From this standpoint, we see that different policy choices have different economic consequences. But above all, one has to ask: If America’s economy is indeed so brutal, why do millions of people throughout the world consistently want to enter it? Why do they initially settle for low wages and even work several jobs?
One reason is that American capitalism has offered them opportunities for mobility less evident in the crony-capitalist and corporatist economies in much of Latin America or the social democratic arrangements in many Western European countries. Economist James D. Agresti writes that “the U.S. is so economically exceptional that the poorest 20% of Americans are richer than many of the world’s most affluent nations.” Reference to such realities, however, are not to be found in the 1619 Project.
Truth, Advocacy, Facts, and Sources
These definitional problems and evidence of an a priori animosity against American capitalism raise questions about the suitably of using 1619 Project materials in an educational curriculum. So, too, should the ambiguity surrounding the 1619 Project’s objectives.
Those directing the project have claimed on different occasions to be pursuing an objective properly described as historical: that is, analyzing the past to uncover the full truth about features of the contemporary United States, including how slavery shaped American capitalism and how its effects persist today.
This sits uneasily with the second objective of the 1619 curriculum: advocacy of particular causes. Those involved in 1619 have stated that they want to challenge and change what they call the narrative about American history—including its economic history—in public settings. This translates into two things.
One is an effort to tarnish contemporary American capitalism with an association with slavery, even at the risk of making exaggerated claims or giving partial or inaccurate accounts of historical developments. The second is to encourage acceptance of economic policies conventionally described as “liberal,” “progressive,” or “social democratic” insofar as it is implied that one way to address slavery’s alleged effects is for the state to take on more proactive economic functions.
Historical scholarship and political activism do not, however, go together. Historians are concerned with uncovering and increasing understanding about the truth about the past, no matter how difficult and complicated that truth may be. One cannot enter into this enterprise believing that a major objective is to promote predetermined political goals in the present. Therein lies the path to compromising the scholarly standards that help elucidate the complexities of the past.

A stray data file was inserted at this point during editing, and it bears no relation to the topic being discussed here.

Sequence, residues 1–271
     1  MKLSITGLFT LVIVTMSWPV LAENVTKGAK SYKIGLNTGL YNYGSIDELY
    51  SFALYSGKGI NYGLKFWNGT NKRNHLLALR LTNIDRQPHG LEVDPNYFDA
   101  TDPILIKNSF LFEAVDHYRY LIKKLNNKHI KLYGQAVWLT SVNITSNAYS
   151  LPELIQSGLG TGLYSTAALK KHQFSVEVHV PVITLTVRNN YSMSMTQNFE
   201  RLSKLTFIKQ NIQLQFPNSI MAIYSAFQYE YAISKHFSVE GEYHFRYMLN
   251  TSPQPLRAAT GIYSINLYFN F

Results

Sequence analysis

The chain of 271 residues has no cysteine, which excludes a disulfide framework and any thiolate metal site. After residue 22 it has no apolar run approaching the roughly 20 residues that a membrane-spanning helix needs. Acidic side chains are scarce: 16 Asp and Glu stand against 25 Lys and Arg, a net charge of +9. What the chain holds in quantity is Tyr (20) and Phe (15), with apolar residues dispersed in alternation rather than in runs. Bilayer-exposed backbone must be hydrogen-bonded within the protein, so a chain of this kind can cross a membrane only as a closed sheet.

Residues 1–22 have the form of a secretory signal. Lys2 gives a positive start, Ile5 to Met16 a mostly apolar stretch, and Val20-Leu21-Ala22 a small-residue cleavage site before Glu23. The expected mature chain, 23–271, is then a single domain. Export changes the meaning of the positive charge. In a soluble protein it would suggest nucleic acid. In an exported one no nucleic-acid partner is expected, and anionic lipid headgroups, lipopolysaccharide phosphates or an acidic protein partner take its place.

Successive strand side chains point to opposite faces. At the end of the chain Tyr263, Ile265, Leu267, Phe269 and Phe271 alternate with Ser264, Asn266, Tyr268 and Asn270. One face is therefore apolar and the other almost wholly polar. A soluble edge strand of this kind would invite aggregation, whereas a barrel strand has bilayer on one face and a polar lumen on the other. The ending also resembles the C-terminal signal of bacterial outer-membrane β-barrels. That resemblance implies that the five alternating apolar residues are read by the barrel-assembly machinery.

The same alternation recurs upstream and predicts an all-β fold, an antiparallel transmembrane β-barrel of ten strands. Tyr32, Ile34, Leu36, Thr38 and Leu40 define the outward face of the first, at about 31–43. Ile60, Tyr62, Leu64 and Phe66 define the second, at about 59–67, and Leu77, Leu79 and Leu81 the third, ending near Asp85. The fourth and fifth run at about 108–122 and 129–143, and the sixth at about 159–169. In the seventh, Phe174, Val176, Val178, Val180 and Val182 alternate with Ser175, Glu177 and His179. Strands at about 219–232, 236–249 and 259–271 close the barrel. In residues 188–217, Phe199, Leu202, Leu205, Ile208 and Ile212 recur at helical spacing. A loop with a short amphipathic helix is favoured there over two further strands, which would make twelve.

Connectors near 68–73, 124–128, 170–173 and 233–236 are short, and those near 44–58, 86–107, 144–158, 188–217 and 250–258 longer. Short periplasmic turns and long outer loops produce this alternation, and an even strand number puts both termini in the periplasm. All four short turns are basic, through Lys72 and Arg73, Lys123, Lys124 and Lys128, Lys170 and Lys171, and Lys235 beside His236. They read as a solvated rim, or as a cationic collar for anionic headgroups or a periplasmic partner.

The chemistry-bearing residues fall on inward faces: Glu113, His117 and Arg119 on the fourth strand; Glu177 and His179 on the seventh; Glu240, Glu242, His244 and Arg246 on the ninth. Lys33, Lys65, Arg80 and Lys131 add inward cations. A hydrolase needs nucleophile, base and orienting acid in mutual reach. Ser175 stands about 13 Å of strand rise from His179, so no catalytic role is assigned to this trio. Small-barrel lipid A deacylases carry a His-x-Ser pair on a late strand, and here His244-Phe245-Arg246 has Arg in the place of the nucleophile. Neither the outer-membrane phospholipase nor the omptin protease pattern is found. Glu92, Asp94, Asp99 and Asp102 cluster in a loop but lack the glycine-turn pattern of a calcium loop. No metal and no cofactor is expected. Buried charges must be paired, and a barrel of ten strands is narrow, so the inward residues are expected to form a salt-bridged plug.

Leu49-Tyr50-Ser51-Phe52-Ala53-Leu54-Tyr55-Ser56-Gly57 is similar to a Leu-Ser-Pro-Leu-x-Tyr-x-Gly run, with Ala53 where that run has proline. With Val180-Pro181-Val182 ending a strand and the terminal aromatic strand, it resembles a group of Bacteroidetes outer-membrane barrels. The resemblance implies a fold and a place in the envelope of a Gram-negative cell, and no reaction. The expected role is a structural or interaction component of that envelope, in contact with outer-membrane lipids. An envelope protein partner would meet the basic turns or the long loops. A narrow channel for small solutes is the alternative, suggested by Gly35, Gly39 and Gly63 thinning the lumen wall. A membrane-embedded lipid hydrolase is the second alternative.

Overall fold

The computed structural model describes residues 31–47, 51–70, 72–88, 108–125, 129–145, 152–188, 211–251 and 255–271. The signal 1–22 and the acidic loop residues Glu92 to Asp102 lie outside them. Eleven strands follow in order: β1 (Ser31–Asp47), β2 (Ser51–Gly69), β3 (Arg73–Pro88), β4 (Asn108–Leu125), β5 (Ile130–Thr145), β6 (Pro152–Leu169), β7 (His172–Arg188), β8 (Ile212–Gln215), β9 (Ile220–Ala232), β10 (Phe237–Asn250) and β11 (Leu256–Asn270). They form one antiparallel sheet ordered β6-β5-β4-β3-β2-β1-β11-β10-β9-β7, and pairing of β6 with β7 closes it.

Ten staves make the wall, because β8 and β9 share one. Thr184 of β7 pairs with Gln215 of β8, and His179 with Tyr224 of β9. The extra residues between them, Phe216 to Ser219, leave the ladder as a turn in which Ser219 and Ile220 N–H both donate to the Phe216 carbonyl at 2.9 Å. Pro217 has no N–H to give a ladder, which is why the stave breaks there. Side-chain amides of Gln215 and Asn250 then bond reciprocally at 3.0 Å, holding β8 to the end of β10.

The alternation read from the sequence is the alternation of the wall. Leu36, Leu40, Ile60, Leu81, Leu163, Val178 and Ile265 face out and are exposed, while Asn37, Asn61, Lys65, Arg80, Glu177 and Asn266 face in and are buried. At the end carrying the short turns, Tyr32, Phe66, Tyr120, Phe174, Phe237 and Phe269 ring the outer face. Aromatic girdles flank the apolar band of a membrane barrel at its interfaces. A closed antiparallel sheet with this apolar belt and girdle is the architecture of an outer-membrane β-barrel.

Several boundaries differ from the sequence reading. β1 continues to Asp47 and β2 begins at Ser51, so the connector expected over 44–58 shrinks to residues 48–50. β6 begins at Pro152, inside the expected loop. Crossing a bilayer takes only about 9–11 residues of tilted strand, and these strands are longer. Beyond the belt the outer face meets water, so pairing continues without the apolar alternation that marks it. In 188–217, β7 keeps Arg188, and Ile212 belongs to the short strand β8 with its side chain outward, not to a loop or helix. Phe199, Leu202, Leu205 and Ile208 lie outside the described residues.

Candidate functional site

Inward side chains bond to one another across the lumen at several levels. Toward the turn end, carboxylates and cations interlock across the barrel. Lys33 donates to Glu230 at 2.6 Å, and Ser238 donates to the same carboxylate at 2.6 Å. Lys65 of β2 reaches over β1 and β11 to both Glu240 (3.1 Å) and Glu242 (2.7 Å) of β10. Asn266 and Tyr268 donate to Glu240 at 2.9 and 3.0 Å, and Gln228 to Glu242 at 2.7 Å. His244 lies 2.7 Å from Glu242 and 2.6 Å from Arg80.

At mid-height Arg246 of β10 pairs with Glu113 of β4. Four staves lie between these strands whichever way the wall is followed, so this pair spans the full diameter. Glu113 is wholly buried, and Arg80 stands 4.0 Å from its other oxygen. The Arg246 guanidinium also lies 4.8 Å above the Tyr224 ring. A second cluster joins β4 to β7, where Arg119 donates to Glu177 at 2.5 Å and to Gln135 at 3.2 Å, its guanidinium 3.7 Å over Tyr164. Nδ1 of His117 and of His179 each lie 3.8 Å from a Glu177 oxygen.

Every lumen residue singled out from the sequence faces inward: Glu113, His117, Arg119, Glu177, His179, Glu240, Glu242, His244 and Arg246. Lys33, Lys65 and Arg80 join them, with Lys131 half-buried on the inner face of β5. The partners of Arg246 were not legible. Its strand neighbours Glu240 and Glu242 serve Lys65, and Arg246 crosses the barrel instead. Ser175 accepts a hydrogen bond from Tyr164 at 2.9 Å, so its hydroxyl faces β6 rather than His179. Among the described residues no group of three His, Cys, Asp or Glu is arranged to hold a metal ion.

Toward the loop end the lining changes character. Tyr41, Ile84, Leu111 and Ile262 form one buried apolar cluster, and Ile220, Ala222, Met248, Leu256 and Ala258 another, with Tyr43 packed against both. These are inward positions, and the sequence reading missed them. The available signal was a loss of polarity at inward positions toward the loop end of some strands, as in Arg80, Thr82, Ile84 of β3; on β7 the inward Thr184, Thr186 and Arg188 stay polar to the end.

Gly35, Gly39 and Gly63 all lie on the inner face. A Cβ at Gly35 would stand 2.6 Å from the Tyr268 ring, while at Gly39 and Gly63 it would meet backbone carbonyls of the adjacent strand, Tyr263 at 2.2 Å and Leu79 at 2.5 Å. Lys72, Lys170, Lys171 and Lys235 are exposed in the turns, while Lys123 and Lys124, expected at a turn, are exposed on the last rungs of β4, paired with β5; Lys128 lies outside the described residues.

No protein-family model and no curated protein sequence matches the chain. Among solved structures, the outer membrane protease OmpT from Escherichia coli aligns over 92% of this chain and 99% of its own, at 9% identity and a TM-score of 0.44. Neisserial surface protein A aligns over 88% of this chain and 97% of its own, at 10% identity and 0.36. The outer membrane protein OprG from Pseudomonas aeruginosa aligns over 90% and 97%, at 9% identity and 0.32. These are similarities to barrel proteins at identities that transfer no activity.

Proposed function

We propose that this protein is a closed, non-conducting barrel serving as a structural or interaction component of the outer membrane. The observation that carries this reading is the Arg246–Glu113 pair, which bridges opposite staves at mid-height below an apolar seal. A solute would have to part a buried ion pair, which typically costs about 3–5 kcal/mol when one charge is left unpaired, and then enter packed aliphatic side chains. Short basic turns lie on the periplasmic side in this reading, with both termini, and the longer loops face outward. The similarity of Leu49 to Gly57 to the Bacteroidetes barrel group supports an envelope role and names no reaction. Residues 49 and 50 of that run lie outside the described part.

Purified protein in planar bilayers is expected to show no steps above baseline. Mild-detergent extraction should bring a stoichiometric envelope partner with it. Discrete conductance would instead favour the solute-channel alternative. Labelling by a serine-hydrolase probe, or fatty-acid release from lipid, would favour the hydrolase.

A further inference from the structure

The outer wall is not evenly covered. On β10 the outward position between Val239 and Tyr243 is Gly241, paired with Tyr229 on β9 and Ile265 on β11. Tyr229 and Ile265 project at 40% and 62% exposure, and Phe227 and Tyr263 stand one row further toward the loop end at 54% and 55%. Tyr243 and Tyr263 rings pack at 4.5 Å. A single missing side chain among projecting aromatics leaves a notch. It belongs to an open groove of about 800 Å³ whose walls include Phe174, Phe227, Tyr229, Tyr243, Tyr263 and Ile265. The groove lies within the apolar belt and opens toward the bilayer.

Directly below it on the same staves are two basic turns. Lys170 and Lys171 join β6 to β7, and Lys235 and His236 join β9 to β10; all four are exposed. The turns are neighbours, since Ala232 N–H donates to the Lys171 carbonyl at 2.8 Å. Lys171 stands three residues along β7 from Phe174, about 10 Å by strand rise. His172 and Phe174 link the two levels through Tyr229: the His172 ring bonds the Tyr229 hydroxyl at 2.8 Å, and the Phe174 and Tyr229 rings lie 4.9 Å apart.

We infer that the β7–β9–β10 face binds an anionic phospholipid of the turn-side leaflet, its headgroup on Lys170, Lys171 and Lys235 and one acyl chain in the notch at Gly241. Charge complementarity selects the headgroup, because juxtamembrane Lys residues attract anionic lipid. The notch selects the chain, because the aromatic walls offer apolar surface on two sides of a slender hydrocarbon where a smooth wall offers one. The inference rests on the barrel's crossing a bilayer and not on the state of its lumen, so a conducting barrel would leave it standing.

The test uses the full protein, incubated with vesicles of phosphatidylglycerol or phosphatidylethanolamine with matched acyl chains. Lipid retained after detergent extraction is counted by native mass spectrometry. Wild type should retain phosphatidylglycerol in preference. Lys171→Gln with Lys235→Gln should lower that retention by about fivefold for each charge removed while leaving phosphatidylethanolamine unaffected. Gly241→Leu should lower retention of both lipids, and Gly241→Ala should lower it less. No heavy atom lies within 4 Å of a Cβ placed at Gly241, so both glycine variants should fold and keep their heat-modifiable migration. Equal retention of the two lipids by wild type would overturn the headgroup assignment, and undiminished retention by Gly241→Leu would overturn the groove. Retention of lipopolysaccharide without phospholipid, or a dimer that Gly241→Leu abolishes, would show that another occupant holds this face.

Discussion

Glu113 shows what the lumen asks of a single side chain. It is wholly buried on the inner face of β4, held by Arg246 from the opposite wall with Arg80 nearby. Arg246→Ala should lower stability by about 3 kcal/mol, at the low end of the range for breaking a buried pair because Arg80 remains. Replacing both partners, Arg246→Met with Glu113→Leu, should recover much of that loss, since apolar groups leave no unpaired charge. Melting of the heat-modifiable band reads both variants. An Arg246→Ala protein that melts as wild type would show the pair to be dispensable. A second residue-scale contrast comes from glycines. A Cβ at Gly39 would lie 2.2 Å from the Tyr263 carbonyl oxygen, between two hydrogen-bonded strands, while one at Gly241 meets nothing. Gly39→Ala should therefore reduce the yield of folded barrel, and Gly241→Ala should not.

When historians study the past to shape contemporary policy, the temptation to distort or ignore facts that do not fit the narrative or are unlikely to help realize the policy objective is overwhelming. That is not conducive to an accurate understanding of the past and how it shapes the present. As observed by the economic historian Phillip W. Magness, “[A]dvocacy journalism is held to much lower standards of accuracy than scholarship, and intentionally blends factual content with normative propositions aimed at espousing a favored political stance.”
The problems associated with pursuing two incompatible objectives are apparent in the essay written by Desmond, entitled “Capitalism.” Desmond’s core argument is that many of the contemporary business practices, protocols, and institutions that characterize modern American capitalism go back directly to the brutal world of Southern plantations. Some of the same practices, it is suggested, helped fuel the rise of international capital markets.
There are two difficulties with these arguments. The first concerns basic facts about cause and effect. The second is its reliance upon one highly contested school of economic history.
For many people, the modern corporation is a major symbol and expression of capitalism, particularly American capitalism. Referring to the experience of working in a modern corporation, Desmond states:
Everything is tracked, recorded and analyzed, via vertical reporting systems, double-entry record-keeping and precise quantification. Data seems to hold sway over every operation. It feels like a cutting-edge approach to management, but many of these techniques that we now take for granted were developed by and for large plantations. When an accountant depreciates an asset to save on taxes or when a midlevel manager spends an afternoon filling in rows and columns on an Excel spreadsheet, they are repeating business procedures whose roots twist back to slave-labor camps.
Yet the roots of double-entry bookkeeping go back to Italian medieval merchants, as does the practice of depreciating assets. Indeed, most modern financial techniques can be traced back to the medieval world.
Other essays in the 1619 Project addressing economic topics have similar flaws. Take, for example, Mehrsa Baradaran’s short piece, “Cotton and the Global Market,” in which she states: